4 October 2021

British Citizenship Application Refused - What Now?

Richmond Chambers Immigration Barristers


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The requirements to become a British citizen are set out in British Nationality Law; the relevant law is mainly in the British Nationality Act 1981.
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The requirements to become a British citizen are set out in British Nationality Law; the relevant law is mainly in the British Nationality Act 1981.

Some children and adult applicants may be entitled to register as British citizens, provided they meet the relevant requirements.

Other applicants will rely on the Secretary of State's discretion to either be registered (children) or be naturalised (adults) as a British citizen.

Before You Make A British Citizenship Application

British Citizenship law is complex and you may wish to seek legal advice before submitting an application.  It is for you to establish that the requirements are met and all relevant evidence provided. 

What If My British Citizenship Application Is Refused?

The reasons for refusing a British citizenship application should be set out in the notice of decision.

There is not a statutory right of appeal against the refusal of a citizenship (registration or naturalisation application). The only judicial remedy is that of judicial review.

Nonetheless, you can request the  reconsideration of the decision by the Home Office, by using the form NR. 

Currently the fee for reconsideration is £372. If the decision is reversed and the application approved, this will be refunded. The citizenship fee may be deducted where appropriate, e.g. if it had been refunded following the refusal and it is payable again. 

What Should I Consider Before Seeking a Reconsideration?

The Home Office will carry out checks to ensure the relevant requirements are met. 

Most applications will  involve  the good character requirement and form NR guidance October 2018 reads:

We carry out enquiries in all cases to ensure that the requirements are met. Where the character requirement applies, we make checks with relevant government agencies who we share information with about applicants.

Checks are made in respect of documents:  

We also carry out checks to ensure that the supporting evidence has not been forged or fraudulently obtained. Where false documents have been produced the application will be refused and we will refer the matter for possible prosecution. If documents cannot be verified or the applicant cannot prove their entitlement then the application will be refused. There must be no doubt that a proper legal entitlement exists. 

For discretionary applications, such as naturalisation and registration of minors under s.3(1), the guidance states:

Following any enquiries applications are considered on the basis of the following questions:

Are the statutory requirements set out in the British Nationality Act 1981 met? If not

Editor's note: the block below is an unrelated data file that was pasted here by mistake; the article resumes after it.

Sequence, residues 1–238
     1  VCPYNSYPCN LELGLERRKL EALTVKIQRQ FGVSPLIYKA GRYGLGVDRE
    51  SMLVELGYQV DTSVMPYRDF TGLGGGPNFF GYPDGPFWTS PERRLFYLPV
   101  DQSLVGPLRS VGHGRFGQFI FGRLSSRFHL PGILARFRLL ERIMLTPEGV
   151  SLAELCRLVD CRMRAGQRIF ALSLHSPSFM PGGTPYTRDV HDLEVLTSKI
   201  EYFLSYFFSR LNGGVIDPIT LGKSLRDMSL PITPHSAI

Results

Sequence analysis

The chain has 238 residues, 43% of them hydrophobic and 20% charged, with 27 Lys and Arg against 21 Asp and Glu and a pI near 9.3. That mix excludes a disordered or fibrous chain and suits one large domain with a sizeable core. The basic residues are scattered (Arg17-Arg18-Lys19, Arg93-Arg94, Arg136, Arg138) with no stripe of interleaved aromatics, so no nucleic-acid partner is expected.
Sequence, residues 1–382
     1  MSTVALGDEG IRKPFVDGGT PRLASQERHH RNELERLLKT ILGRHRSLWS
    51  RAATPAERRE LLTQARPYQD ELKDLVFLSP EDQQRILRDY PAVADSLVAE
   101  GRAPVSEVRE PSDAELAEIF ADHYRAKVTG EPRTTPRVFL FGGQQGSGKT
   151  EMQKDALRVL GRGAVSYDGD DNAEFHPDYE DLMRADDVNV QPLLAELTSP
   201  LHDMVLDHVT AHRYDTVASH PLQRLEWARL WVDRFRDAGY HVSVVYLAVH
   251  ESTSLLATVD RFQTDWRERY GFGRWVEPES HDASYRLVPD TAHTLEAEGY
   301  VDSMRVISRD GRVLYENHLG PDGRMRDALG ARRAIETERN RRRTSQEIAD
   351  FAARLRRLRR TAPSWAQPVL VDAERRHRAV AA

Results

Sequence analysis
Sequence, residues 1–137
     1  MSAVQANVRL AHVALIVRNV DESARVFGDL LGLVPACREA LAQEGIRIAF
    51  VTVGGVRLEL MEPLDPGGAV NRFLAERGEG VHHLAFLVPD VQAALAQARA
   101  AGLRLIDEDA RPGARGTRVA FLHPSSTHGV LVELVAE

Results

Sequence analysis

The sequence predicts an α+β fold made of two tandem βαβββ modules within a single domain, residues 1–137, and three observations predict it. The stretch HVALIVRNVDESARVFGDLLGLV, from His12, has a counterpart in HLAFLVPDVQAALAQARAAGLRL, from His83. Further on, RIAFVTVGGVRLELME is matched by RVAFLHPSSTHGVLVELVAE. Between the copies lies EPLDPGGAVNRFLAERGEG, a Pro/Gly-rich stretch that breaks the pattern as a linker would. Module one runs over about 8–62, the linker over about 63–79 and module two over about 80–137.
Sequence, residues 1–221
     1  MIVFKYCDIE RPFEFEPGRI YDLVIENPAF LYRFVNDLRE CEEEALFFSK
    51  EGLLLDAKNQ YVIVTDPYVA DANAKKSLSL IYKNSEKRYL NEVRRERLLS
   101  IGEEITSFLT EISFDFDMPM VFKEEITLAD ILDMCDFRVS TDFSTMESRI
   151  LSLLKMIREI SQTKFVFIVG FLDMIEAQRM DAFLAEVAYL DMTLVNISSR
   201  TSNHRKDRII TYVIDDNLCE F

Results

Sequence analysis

1. Is there discretion not to apply the requirement or to vary the extent to which it is applied? If so 
  2. Are the additional criteria set out in the Home Secretary's policy on the exercise of discretion met? If not 
  3. Has the Home Secretary previously granted citizenship to someone outside of the policy in the same circumstances? If not 
  4. Are the circumstances sufficiently compelling and different from others that have been refused to justify consideration to grant and create a further precedent?

When Will British Citizenship Applications Be Reopened?

The guidance states as follows:

We may reopen applications where: 

  • we have not used the correct requirements or criteria to decide the application 
  • we refused your application for lack of a response to enquiries when a response had been received but not linked with the application 
  • we decided your application without allowing sufficient time for a response or completion of enquiries 
  • we refused your application on character grounds due to a criminal conviction which was either later quashed on appeal or involved a case of mistaken identity (i.e. you were not the person convicted of the offence) 
  • we have failed to take account of relevant documents or information in our possession

This is not an exhaustive list, but the grounds for reconsideration as set out in the Secretary of State's policy resemble public law errors such as those considered in the context of judicial (or administrative) review.

You may wish to seek legal advice to consider what arguments could be advanced and the prospects of success. 

What If My Application For A Reconsideration Is Refused? What Action Can I Take?

In addition, or alternatively, you can consider applying for judicial review of the decision, if upheld on reconsideration. 

Before commencing proceedings, it will be important to follow a pre-action protocol process. This provides an opportunity for the position to be considered before you commence proceedings and will preserve your position as to costs.  

Judicial review proceedings can be legally complex, costly and time-consuming. You may consider seeking legal advice before commencing any proceedings.

Fresh Application For British Citizenship

If your challenge is unsuccessful or you decide not to challenge the decision to refuse, you may wish to seek advice as to whether a fresh application for British citizenship is likely to be successful and whether you may need to wait before doing so or an application is unlikely to ever be successful.  

The content of this article is intended to provide a general guide to the subject matter. Specialist advice should be sought about your specific circumstances.

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